Neglinnaya River and Voskresensky Bridge: Old Moscow as portrayed by Apollinary Vasnetsov

Neglinnaya River and Voskresensky Bridge: Old Moscow as portrayed by Apollinary Vasnetsov
Apollinary Vasnetsov. A fragment of the painting The Old Mouth of the Neglinnaya River, 1924. Paper on cardboard, charcoal, watercolour.
This article is about Apollinary Vasnetsov, the younger brother of Viktor Vasnetsov, a Russian painter known best for his illustrations for fairytales. Apollinary dedicated his life to Moscow’s history and carried his love of it through his life.

In this issue of the History of Things we’ll talk about painter Apollinary Vasnetsov, a historian who specialised in Moscow studies, and the younger brother of Viktor Vasnetsov, who painted Three Bogatyrs and Ivan Tsarevich Riding a Grey Wolf .Apollinary Vasnetsov’s drawings and paintings are the most popular works in the fine art collection of the Museum of Moscow, the arts establishment which he helped found. .

Natalya Muzalevskaya, a researcher at the museum, offers us a look at Apollinary Vasnetsov’s works ahead of the painter’s birthday (6 August 1856).

Apollinary Vasnetsov loved painting since early childhood, which was largely due to the influence of his elder brother, Viktor, the would-be celebrated artist. Although Apollinary did not get a fundamental art education in St Petersburg, Viktor introduced his younger brother into a circle of famous painters, many of whom became his lifelong friends. In 1883, as part of a Peredvizhniki (The Wanderers) exhibition, the first significant work by Apollinary, The Grey Day, was exhibited. It enjoyed popularity and was purchased by Pavel Tretyakov.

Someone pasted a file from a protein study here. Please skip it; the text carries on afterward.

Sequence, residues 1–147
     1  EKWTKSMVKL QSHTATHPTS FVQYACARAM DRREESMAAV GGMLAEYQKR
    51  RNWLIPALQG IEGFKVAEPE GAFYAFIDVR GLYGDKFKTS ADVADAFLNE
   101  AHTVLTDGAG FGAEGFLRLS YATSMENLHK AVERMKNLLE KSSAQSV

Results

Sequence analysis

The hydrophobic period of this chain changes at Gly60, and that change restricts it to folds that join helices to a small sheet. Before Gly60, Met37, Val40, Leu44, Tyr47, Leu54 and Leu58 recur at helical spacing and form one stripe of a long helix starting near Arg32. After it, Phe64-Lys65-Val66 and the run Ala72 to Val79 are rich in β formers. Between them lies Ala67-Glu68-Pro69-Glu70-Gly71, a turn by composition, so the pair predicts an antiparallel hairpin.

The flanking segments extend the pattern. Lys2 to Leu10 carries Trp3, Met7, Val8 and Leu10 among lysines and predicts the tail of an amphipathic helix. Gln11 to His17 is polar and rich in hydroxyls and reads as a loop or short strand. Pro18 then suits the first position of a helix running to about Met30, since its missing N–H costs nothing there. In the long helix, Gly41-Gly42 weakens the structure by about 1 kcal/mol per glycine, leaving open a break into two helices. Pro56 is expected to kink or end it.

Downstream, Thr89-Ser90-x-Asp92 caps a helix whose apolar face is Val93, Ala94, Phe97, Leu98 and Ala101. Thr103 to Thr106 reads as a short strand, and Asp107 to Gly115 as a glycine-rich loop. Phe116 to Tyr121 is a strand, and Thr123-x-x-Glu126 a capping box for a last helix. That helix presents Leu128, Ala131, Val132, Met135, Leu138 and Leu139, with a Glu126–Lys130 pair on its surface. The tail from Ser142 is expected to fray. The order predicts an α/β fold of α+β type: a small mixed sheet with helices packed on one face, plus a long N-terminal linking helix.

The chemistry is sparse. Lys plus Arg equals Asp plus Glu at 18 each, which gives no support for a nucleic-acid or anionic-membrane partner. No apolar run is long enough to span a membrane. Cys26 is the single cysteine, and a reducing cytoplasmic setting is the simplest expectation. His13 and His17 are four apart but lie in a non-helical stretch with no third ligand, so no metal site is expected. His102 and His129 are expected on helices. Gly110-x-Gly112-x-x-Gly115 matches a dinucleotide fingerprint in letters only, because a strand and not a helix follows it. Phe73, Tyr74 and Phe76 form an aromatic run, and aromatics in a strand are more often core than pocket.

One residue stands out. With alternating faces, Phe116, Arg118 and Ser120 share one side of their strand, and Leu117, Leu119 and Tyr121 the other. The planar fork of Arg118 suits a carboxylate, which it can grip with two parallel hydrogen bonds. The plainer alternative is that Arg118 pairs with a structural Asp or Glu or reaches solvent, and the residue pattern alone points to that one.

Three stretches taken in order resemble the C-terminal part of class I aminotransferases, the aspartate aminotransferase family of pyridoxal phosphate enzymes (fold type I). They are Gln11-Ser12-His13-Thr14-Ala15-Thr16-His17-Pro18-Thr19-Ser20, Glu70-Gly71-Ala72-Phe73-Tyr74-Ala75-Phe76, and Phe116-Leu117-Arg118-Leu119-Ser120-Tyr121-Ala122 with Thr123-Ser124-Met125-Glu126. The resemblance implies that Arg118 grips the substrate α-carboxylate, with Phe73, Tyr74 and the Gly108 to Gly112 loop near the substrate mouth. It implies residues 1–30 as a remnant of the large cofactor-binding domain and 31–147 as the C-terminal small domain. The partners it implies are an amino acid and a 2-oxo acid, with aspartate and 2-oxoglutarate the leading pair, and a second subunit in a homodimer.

Neglinnaya River in the 17th Century, 1918. Cardboard, charcoal, watercolour. Right: An explanatory sketch for the picture Cannon-casting Yard on the Neglinnaya River in the 17th Century, 1920s. Paper on cardboard, Indian ink.

Apollinary Vasnetsov. Left: Traffic on Voskresensky Bridge in the 18th Century, 1926. Paper, watercolour, charcoal. Right: An explanatory sketch for the painting Traffic on Voskresensky Bridge in the 18th Century, 1927. Paper on cardboard, Indian ink.

Apollinary Vasnetsov. Left: The Old Mouth of the Neglinnaya River, 1924. Paper on cardboard, charcoal, watercolour. Right: An explanatory sketch to the work The Old Mouth of the Neglinnaya River. Date unknown. Paper, Indian ink.

In 1888, the painter joined the Society for Travelling Art Exhibitions, and in 1900, he was granted the title of an academician. After Isaak Levitan’s death, he headed the landscape painting studio at the Moscow School of Painting, Sculpture and Architecture.

Apollinary Vasnetsov turned to ancient Moscow history and archaeology in the late 19th century as an established landscape painter. From then on, the historical landscape of Moscow, the capital of Russia since the old times, remained his principal creative pursuit. A member of the Moscow Archaeological Society and chair of the Commission for Old Moscow Studies, Vasnetsov would embark on a work dedicated to “the hoary antiquity of Moscow” only upon comprehensive research on the subject.

The artist would take part in archaeological excavations conducted in Moscow at construction and renovation sites. He supported each work with a sketch and a drawing plan with explanatory comments, which he would voice during meetings of the Old Moscow Society.

Vasnetsov created his historical pictures with a mixed technique – he used charcoal, watercolour and black chalk to clearly depict every detail of architecture and every figure. In the early 1920s, the painter created a number of works based on ancient Moscow storylines upon the order of the Moscow Community Museum (today’s Museum of Moscow), to whose establishment he contributed a lot.

Apollinary Vasnetsov’s drawings and painting are a valuable part and rightful pride of the Museum of Moscow. Hardly any other historical museum in the world can boast such a full collection of works by one master reflecting the entire process of city evolution in an equally artistic and research-based way.

Vasnetsov was not just a researcher of old Moscow history but an advocate for its conservation. Two years before his death, in 1931, he was the only Moscow painter who came out against the demolition of the Cathedral of Christ the Saviour. He expressed his disapproval in an open letter in Izvestia newspaper.